— Fresno State (@Fresno_State) April 18, 2018
The next day, Fresno State provost Lynette Zelezny held a press conference to address l’affaire Jarrar, telling reporters that the school was taking the situation “very seriously” and that “the incident is under review.” Zelezny noted that Jarrar wasn’t teaching any courses this semester because she had previously requested a leave of absence.
One reporter asked whether Jarrar had been correct when she tweeted that as a tenured professor, she cannot be fired. Zelezny said this was incorrect, that there were certain procedures that have to be followed but that there are “situations where tenured faculty can be fired.”
The Daily Wire gleefully pounced on that tidbit, calling it a “reality check” for Jarrar, while another right-leaning outlet, Fox News, exulted, “Barbara Bush-bashing professor can be fired despite tenure.”
Fresno State appears to be bending to the pressure.
In an interview Thursday with a reporter from Fresno’s ABC affiliate, Castro condemned Jarrar’s remarks, stating, “This wasn’t just a free-speech issue,” and adding, “just because a person has tenure doesn’t mean they can do or say whatever they wish.”
Asked if the university was looking to suspend, terminate, or reprimand Jarrar, Castro replied, “All options are on the table.”
Of course, as Adam Steinbaugh, an attorney with the Foundation for Individual Rights in Education (FIRE), correctly observes in a post on the nonprofit’s website, the university neither can (legally) nor should (ethically) punish Jarrar for her expressing her private points of view, because “public universities are government actors bound by the First Amendment.”
Steinbaugh notes that employees of public universities enjoy broad free-speech rights:
“The law is well-established that employees of government institutions like [a public university] retain a First Amendment right to speak as private citizens on matters of public concern and may not be disciplined or retaliated against for their constitutionally protected expression unless the government employer demonstrates that the expression hindered “the effective and efficient fulfillment of its responsibilities to the public.” Connick v. Myers, 461 U.S. 138, 150 (1983); Pickering v. Bd. of Ed., 391 U.S. 563 (1968).”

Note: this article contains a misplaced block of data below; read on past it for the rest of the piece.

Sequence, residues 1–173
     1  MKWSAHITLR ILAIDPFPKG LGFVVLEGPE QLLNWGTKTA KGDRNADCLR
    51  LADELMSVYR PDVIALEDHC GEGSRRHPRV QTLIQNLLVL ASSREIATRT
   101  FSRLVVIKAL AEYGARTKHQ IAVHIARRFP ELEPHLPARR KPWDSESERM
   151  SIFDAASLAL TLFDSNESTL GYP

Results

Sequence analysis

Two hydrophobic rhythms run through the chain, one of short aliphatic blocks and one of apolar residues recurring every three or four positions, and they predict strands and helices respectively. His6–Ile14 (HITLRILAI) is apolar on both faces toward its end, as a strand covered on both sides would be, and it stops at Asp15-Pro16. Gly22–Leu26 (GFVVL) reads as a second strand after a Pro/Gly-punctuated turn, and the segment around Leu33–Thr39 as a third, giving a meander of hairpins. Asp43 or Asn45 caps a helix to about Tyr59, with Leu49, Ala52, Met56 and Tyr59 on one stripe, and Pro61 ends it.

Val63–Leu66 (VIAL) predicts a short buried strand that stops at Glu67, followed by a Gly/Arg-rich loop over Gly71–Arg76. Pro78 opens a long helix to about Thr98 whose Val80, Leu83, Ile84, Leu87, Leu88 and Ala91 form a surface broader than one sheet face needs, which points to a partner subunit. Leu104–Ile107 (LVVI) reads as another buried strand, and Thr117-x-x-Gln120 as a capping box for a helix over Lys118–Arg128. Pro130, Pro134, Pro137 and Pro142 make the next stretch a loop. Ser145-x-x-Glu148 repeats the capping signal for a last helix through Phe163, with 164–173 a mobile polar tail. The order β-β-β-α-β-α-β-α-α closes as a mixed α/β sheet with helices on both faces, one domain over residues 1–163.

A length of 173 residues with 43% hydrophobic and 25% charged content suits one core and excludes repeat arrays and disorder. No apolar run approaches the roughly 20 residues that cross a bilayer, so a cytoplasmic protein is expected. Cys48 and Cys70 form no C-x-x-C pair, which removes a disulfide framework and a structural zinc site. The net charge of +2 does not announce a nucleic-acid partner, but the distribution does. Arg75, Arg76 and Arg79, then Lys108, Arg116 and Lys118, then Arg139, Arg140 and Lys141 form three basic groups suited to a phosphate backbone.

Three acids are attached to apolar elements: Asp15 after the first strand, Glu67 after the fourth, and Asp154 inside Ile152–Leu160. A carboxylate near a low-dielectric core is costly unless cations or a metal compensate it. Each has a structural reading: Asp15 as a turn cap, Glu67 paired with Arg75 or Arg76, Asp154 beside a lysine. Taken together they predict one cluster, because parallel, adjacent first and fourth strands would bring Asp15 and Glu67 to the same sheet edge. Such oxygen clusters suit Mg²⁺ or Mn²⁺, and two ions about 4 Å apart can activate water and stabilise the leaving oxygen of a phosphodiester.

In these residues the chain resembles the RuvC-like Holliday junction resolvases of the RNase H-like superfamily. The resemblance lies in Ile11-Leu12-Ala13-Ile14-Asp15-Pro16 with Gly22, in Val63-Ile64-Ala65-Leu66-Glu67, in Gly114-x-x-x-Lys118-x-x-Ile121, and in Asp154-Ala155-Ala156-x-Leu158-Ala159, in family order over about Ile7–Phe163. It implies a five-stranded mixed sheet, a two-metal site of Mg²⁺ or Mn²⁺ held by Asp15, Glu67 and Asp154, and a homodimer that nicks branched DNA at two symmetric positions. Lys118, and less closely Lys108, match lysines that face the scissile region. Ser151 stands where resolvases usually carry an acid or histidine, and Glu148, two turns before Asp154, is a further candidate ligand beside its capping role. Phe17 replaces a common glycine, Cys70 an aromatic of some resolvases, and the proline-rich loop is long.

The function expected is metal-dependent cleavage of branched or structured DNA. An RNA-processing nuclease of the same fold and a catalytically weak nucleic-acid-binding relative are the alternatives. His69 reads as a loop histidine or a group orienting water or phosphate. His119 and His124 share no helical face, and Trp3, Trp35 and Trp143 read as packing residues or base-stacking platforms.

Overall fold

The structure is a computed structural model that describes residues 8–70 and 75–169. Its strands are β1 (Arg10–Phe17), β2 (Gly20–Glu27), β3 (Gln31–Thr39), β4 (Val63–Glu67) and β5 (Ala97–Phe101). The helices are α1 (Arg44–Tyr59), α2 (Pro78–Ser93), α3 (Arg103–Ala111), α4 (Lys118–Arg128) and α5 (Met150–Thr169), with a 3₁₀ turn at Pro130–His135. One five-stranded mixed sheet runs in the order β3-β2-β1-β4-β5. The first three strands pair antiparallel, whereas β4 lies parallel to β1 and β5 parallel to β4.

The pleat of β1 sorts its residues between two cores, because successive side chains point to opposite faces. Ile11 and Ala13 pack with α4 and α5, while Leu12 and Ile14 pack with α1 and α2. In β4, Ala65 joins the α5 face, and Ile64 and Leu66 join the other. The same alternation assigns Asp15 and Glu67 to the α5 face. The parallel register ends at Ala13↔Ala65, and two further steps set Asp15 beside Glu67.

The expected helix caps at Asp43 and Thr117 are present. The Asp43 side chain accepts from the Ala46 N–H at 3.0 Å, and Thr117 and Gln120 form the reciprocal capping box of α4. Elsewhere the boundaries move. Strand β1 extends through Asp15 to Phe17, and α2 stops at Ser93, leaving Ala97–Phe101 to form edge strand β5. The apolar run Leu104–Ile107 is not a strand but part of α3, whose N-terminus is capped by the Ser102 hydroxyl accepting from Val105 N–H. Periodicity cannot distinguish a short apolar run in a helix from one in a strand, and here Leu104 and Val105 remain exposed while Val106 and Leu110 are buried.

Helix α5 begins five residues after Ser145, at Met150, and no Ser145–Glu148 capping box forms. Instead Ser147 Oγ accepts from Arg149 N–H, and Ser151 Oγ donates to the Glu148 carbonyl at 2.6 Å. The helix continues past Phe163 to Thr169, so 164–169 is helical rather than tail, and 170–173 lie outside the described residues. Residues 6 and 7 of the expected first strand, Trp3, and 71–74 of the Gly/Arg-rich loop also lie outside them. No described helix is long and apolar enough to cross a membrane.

In response to Castro’s suggestion that Jarrar could be sacked or otherwise disciplined, FIRE, the ACLU of Northern California, and other advocacy groups coauthored a letter advising the university president that Jarrar’s speech is “protected by the First Amendment and the free speech clause of the California Constitution.” The letter called on Fresno State to immediately “end its investigation of Jarrar,” because the probe “impermissibly chills the expressive rights of faculty.”
Others have come to Jarrar’s defense.
Novelist Laila Lalami tweeted that “[i]n calling Barbara Bush ‘a racist,’ @randajarrar said bluntly what newspaper obituaries disguised when they wrote that Mrs. Bush was ‘never shy about expressing her views,’ or that, in the aftermath of Hurricane Katrina, her ‘candor got her into trouble.'”
In calling Barbara Bush "a racist," @randajarrar said bluntly what newspaper obituaries disguised when they wrote that Mrs. Bush was "never shy about expressing her views," or that, in the aftermath of Hurricane Katrina, her "candor got her into trouble."
— Laila Lalami (@LailaLalami) April 19, 2018
Wrote Twitter user Jean Chen Ho, a writer pursuing her Ph.D. at the University of Southern California: “Hey remember when Barbara Bush said on the radio that the people displaced by Hurricane Katrina were already ‘underprivileged anyway’ so the evacuation camp in the Astrodome was ‘working very well for them’? I do. Power to @randajarrar for accurately describing Bush as a racist.”
And Reason.com contributing editor Robby Soave called out the “hypocrisy on the right” over Jarrar’s anti-Bush diatribe. Allowing that the “Can’t wait for the rest of her family to fall to their demise the way 1.5 million Iraqis have” bit was a “loathsome thing to say,” Soave went on to call out the Daily Wire in particular: